WASHINGTON — After seven memorable years, the nation’s capital bids farewell to its annual Scrooge as actor Ed Gero hangs up the “humbug.”
“This is my first time playing Scrooge,” actor Craig Wallace told WTOP. “I have been in ‘A Christmas Carol’ before. I played the Ghost of Jacob Marley and the Ghost of Christmas Past. I’ve basically been plugged into Ed’s role. Ed is a great friend and mentor of mine. So it’s been a whirlwind, but I think I’m finally owning it, and I think people are enjoying it, and I think people are going to have a good time.”
Based on Charles Dickens’ timeless 1843 novella, the play follows London miser Ebenezer Scrooge as he’s visited by four spirits on Christmas Eve: his late business partner Jacob Marley, the Ghost of Christmas Past, the Ghost of Christmas Present and the Ghost of Christmas Yet to Come. Together, these time-traveling spirits show Scrooge what was, what is and what might be, transforming him from a greedy curmudgeon into a generous soul that shows charity to Bob Cratchit and Tiny Tim.
“People love the spirit of Christmas,” Wallace said. “The lesson of redemption, charity, compassion.”
Unlike other “A Christmas Carol” productions, this annual version is packed with Christmas carols.
“It’s got a lot of traditional songs from the time period,” said co-star Gregory Maheu, who plays both young Ebenezer Scrooge and Scrooge’s optimistic nephew Fred. “It has this amazing orchestration that’s all instruments that would have been played in the 1850s, so you get a real taste of the time.”
These carols include “Joy to the World,” “The Holly and the Ivy,” “What Child Is This,” “God Rest Ye Merry Gentlemen,” “Deck the Halls” and a rousing rendition of “We Wish You a Merry Christmas.”
“There’s a great scene where two of my debtors discover some happiness and they go off singing ‘Deck the Halls,'” Wallace said. “I say, ‘Why are you showing me this?’ And Christmas Present says, ‘Because even in their meager life, they can find the joy of Christmas, the joy of the season.’ Allowing himself to see those things brings himself to the end. The end is: This is where you’re headed, your name on a tombstone. He’s gotta make a choice there: Does he want to live? Or does he want to die?”
These darker, ghostly elements have always been a huge part of the Dickensian appeal. Adapted by Michael Wilson and directed by Michael Baron, this visceral version is subtitled “A Ghost Story of Christmas,” emphasizing the supernatural with flashing lights, crashing sounds and special effects.
“Without giving anything away, let’s just say that Marley [James Konicek] has been haunting Scrooge, especially on Christmas Eve, and Marley pays him a visit in his bedroom,” Wallace said. “We don’t want to give away the effects, but it’s very, very compelling. It’s so much fun to do. And it’s spooky!”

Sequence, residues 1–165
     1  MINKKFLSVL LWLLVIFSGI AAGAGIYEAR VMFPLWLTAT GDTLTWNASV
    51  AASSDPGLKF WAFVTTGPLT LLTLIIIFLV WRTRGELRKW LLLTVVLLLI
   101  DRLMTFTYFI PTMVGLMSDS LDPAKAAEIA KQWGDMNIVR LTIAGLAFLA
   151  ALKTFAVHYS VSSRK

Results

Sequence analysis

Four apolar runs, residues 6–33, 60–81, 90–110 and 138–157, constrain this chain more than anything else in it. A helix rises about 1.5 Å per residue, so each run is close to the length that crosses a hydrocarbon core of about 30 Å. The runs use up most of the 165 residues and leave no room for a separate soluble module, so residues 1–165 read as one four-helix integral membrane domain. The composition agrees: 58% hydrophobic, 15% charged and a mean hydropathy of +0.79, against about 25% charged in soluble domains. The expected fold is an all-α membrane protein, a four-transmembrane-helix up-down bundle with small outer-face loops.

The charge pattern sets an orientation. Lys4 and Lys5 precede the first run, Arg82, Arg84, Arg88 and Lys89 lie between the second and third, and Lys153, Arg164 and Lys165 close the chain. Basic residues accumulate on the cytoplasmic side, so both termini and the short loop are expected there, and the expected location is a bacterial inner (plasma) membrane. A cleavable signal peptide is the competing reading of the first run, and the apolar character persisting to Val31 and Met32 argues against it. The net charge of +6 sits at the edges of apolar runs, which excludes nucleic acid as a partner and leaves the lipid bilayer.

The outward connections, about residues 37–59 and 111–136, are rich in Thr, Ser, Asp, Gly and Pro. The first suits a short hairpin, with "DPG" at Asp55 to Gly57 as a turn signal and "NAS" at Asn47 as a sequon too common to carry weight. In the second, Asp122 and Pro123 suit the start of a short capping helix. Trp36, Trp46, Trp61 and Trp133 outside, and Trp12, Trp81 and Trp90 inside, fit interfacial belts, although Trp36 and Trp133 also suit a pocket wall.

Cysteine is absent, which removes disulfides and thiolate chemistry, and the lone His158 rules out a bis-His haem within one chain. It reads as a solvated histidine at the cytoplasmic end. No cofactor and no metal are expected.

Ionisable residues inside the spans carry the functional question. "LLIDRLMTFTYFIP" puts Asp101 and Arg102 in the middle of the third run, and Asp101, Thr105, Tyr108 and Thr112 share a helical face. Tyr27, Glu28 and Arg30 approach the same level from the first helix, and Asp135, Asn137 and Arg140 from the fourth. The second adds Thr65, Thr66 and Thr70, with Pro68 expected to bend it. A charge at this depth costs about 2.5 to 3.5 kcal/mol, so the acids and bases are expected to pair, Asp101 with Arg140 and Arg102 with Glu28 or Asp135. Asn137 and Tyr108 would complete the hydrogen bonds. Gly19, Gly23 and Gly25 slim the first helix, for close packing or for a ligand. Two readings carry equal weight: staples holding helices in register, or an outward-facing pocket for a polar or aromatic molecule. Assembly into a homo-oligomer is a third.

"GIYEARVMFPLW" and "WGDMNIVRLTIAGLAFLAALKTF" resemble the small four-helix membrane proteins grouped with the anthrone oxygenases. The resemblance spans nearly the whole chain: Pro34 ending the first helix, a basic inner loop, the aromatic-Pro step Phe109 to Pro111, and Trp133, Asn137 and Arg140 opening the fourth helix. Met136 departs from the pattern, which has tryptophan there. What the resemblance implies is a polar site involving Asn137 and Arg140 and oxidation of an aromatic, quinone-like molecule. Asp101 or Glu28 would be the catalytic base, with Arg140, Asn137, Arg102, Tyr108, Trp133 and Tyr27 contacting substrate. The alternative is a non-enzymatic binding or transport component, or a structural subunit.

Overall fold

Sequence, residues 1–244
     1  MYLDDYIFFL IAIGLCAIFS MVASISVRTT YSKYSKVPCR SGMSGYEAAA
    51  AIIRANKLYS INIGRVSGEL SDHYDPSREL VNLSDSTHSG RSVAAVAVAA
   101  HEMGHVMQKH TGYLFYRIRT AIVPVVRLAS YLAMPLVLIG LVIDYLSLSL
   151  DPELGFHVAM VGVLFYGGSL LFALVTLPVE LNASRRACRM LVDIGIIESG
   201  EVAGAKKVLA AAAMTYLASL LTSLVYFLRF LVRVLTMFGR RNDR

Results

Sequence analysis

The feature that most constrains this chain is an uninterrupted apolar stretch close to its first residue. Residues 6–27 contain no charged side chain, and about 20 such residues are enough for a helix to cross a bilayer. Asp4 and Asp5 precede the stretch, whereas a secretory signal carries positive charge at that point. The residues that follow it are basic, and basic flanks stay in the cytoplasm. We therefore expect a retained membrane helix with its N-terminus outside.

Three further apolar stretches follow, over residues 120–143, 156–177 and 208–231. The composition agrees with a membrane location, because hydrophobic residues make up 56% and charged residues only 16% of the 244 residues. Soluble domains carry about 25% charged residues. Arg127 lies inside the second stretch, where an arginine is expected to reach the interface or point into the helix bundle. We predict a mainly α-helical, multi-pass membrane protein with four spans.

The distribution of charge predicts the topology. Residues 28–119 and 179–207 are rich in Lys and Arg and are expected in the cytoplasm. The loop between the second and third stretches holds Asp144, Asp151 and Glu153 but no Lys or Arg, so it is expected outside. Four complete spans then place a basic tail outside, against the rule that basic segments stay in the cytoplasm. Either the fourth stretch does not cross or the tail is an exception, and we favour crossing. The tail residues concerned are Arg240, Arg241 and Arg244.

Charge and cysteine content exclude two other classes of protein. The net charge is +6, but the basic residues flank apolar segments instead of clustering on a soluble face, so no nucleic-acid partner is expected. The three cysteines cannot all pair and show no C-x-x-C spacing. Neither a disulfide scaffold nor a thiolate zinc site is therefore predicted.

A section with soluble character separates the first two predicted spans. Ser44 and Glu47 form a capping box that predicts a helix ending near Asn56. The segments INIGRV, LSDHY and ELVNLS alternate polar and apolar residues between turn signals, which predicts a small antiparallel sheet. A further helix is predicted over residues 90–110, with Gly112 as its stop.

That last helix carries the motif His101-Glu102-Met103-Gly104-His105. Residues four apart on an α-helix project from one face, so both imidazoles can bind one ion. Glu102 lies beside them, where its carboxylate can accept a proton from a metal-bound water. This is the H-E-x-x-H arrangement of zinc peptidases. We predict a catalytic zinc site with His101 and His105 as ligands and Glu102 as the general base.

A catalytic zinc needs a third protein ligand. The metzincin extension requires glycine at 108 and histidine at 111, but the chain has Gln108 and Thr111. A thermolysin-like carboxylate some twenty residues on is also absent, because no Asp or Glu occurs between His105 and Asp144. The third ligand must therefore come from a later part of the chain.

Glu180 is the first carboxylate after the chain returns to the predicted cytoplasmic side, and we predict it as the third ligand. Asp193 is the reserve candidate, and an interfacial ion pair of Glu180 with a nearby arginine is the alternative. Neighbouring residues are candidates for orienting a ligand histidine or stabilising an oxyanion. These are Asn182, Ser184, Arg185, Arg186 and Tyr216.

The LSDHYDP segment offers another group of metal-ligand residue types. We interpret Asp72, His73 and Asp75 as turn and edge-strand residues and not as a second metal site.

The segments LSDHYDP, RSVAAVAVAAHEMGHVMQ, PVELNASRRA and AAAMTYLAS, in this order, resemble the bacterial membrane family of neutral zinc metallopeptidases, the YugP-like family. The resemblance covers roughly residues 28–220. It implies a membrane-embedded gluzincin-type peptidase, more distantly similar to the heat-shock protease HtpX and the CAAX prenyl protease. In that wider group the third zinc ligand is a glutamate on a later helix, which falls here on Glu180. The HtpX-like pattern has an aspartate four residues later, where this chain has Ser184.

Marley isn’t the only ghost given a grand entrance at Ford’s.
“Felicia Curry plays the Ghost of Christmas Past. She’s amazing and her entrance is breathtaking,” Wallace said. “The Ghost of Christmas Present is Barbara Pinolini. Her entrance is absolutely joyous and huge and a whole lot of fun. And the Ghost of Christmas Yet to Come? A very scary apparition, even scarier than Marley in some ways. But the progression of the ghosts definitely takes a journey.”
These ghosts are more than just a magical plot element: They drive his character’s transformation.
“The ghosts put a mirror up to Scrooge’s face,” Wallace said. “Things he hadn’t seen before, he begins to see. Seeing Belle [Lauren Williams] and her breaking up with him [“May you be happy in the life you’ve chosen”], that’s part of what makes him who he is now, that heartbreak, that disappointment. He wouldn’t admit that, but [The Ghost of Christmas] Past puts it up to his face and he can’t deny it.”
Not only does he learn from his past mistakes, his eyes are opened to his present-day surroundings.
“He’s never seen the Cratchit kids before,” Wallace said. “He doesn’t know anything about Tiny Tim. … To see them, to see how meager they are, how much they love each other and they’ve got a child who’s disabled, he’s got to deal with that. Through the progression of the play, he’s constantly having to deal with things that he’s never addressed personally or that he’s never allowed himself to see.”
The hope is that audiences will have a similar eye-opening experience.
“The show is not only a mirror for Scrooge; it can also be a mirror for audience members,” Maheu said. “It’s easy to become self-involved … without thinking about the community, to become fearful and to hold onto what you have. The show provides an opportunity for people to see that when you invest in your community and you invest in those around you, you can live a much fuller and happier life.”
In fact, audiences can participate in a tangible way with the show’s annual charity drive.
“The group that we’re partnered with this year is called Food and Friends,” Wallace said. “It’s a local organization that provides meals and groceries to people with life-challenging illnesses.”
“They’ve been around since 1988,” Maheu added. “Their main focus was people suffering with HIV and AIDS. Since then, they’ve grown significantly in their scope. They deal with men, women and children who suffer from cancer, HIV, other life-challenging illnesses. They provide food and nutrition counseling for people to help them figure out how to eat healthy for their own individual problems.”
Not only is it a good cause, it’s a good old-fashioned fun night at the theater. So whether you come every year as part of a family tradition or this is your first time, it’s absolutely worth a trip to Ford’s.
“It’s fun, it’s joyous, it’s fast,” Wallace said. “Please come out. Share some Christmas cheer with us.”
Check out our entire conversation with the cast of “A Christmas Carol” at Ford’s Theatre below:
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